Operations > Computing > FAQ > Computing Labs
Linux Lab (Sieg 118)
The EE linux lab systems require an EE account to access. Available linux systems:
- Dell 9020 OptiPlex
- Intel i7 3.4Ghz Processor
- 8 Gigabyte RAM
- 500 Gigabyte SATA hard disks
- AMD Radeon HD 8570
- linux-lab-001 - linux-lab-040 are desktop systems present in room Seig 118. Please do not turn these off, as they may be being used remotely.
- linux12 - linux26 are systems located in a server room, these nodes are useful for remote interactive desktop work, and tend to reboot less often as physical access to these nodes is limited.
- linuxsrv01 - larger system with 64 CPU cores and quite a bit of memory.
- The linux lab systems are licensed and funded only for academic use. Please do not run any research related software on these systems, especially for MATLAB, which is licensed under a substantial academic-only discount.
- Nodes run Red Hat Enterprise Linux Server release 6 (64-bit). For specifics on the CPU, memory, and OS, check /etc/redhat-release, /proc/cpuinfo, and run the free command.
- You may login at the console or remotely via SSH. i.e. ssh linuxNN.ee.washington.edu where NN is the node number, or linuxsrv01.ee.washington.edu for the many-processor system with lots of memory. Unix and Mac OS X systems should have a ssh command available from OpenSSH; Windows systems will need to have a SSH client installed.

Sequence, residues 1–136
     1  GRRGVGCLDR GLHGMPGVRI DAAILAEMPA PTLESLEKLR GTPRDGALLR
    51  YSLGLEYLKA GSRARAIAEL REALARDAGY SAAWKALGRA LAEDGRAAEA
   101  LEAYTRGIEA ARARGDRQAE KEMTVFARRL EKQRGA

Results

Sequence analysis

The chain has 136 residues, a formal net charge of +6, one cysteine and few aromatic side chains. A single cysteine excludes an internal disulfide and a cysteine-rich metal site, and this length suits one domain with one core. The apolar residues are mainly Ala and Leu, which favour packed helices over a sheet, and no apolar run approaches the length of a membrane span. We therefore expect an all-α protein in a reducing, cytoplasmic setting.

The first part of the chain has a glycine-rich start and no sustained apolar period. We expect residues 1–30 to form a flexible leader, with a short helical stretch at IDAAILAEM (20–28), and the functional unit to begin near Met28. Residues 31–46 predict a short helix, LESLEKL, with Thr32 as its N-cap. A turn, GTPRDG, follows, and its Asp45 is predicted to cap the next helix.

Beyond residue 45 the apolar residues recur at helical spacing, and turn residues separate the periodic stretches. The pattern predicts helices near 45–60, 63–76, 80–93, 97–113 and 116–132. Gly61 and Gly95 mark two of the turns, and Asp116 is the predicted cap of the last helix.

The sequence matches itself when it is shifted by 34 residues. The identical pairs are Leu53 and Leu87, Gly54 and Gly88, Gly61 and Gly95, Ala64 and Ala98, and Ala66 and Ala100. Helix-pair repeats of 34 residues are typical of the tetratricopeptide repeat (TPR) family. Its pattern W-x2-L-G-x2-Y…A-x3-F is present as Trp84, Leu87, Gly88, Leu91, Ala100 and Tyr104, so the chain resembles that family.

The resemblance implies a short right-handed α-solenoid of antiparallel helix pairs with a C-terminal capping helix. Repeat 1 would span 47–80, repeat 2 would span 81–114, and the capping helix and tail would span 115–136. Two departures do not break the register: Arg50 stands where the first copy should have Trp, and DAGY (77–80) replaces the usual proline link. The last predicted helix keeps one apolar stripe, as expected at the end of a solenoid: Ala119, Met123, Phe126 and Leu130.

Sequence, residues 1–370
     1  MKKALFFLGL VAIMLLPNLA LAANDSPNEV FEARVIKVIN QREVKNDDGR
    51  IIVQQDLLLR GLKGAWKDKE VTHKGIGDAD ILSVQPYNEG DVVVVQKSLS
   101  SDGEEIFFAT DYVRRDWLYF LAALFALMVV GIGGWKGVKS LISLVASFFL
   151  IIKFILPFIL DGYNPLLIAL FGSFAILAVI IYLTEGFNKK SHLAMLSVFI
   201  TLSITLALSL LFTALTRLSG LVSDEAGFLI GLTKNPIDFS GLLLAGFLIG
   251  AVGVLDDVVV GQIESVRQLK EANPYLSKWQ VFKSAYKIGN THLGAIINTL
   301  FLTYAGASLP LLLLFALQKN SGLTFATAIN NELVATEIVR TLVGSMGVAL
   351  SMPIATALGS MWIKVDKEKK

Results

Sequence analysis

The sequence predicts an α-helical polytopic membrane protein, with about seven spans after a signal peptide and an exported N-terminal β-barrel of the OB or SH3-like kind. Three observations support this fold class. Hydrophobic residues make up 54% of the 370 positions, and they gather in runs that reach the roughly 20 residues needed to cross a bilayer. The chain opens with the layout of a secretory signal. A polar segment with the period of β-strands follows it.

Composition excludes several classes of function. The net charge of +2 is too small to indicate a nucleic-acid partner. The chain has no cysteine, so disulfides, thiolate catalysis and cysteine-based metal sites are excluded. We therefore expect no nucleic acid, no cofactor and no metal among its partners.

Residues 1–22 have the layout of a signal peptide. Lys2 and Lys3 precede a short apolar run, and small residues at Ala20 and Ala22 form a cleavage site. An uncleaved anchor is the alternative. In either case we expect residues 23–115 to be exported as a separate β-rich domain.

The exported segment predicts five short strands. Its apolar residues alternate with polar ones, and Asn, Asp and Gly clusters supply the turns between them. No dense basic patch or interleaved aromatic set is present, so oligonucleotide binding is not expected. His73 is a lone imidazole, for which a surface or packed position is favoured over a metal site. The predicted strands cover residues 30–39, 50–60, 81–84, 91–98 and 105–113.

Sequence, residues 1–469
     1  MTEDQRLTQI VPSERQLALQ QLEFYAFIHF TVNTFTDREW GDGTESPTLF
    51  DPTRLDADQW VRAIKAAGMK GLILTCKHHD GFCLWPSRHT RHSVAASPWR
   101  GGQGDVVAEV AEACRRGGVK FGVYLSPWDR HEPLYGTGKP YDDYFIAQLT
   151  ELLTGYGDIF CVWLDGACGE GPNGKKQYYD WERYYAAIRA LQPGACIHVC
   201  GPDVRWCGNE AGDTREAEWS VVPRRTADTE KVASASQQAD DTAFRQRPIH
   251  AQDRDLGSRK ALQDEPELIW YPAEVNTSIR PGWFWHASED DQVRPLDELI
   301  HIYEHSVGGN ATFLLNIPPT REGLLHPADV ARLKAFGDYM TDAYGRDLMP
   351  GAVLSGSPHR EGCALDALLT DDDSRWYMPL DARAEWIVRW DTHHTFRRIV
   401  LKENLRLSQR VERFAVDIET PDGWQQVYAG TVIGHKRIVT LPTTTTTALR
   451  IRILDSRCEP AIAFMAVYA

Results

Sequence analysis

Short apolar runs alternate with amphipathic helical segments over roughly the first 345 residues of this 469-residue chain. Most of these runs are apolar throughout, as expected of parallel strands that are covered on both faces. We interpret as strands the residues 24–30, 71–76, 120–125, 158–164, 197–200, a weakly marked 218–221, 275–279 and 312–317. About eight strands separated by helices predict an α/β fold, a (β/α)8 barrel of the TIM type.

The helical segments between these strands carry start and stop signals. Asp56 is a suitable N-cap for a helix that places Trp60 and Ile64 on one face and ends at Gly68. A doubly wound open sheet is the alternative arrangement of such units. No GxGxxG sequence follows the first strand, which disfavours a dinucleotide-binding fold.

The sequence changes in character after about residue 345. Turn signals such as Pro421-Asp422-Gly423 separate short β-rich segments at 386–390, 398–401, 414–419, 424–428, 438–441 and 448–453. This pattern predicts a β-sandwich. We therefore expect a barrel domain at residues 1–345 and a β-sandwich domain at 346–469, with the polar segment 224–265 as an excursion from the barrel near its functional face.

- Remote X11 forwarding for graphical programs such as cadence requires a X11 server to be installed on the client system, such as XQuartz on Mac OS X or Xming on Windows. VNC is another option, though requires starting a server on ideally one of the linux lab server room systems.
- Always lock your screen when you are away from the system.
The UNIX Tutorial for Beginners covers how to use UNIX / Linux systems.
- Your Linux lab home directory will be the same on all the linux lab systems. This means if firefox crashes or otherwise leaves a stale lock behind, firefox will not start on any of the linux lab systems until that lock is removed.
ls -al ~/.mozilla/firefox/*.default/ | grep lock
Another problem may be from libreoffice lock files:
find ~/.config/libreoffice/ | grep lock
Which should be a text file containing the hostname libreoffice was run on. If that instance is no longer running, it should be safe to rm that lock file.
Linux Lab Host key fingerprints (RSA 2048)
Note that the linux lab hosts have both IPv4 and IPv6 addresses, so SSH clients may warn about one or the other address if you switch between a network that supports IPv6 and a legacy IPv4-only network.
linuxsrv01 3b:78:9c:9e:d4:f0:c8:b0:59:c8:f0:e1:00:86:84:42 RSA # 311 server room (older server systems) linux12 bf:e5:b1:a1:04:18:e4:70:7a:38:ae:3a:5b:f5:8e:20 linux13 c9:f3:dd:39:3c:8c:25:14:4c:21:47:fd:3b:6a:13:de linux14 b1:f8:12:cd:61:95:87:43:4e:ae:42:08:9f:6e:96:f1 linux15 01:16:03:6f:d6:7a:52:12:6f:5f:25:86:9e:39:48:73 linux16 30:d3:be:2f:4a:ee:a1:d9:40:70:58:06:38:06:79:d9 linux17 77:1e:26:b7:62:50:5f:d4:6e:dc:85:00:d6:f9:e7:7a linux18 f8:72:d4:b6:d2:19:47:fc:1a:60:15:34:08:51:2f:a9 linux19 67:a3:25:fa:e1:b9:c7:1b:5b:0a:a4:24:c6:ca:f9:bb linux20 95:d0:78:7b:7d:d1:86:fb:3c:99:4d:6e:24:39:70:ac linux21 25:04:ff:c1:60:9e:23:99:6e:47:ca:11:32:f5:b3:6c linux22 b7:7f:d0:b3:93:de:ec:b4:a7:cb:57:a7:21:72:0f:17 linux23 df:fe:21:fc:1b:87:92:17:af:0d:88:22:71:49:f7:54 linux24 53:cd:ab:57:33:f6:d1:f8:24:1b:fa:f3:48:93:18:39 linux25 2d:c5:06:66:7f:6e:92:e0:9a:36:95:41:d2:ce:2f:98 linux26 40:39:ea:e9:3e:ae:53:95:63:5f:78:0e:4d:9b:19:83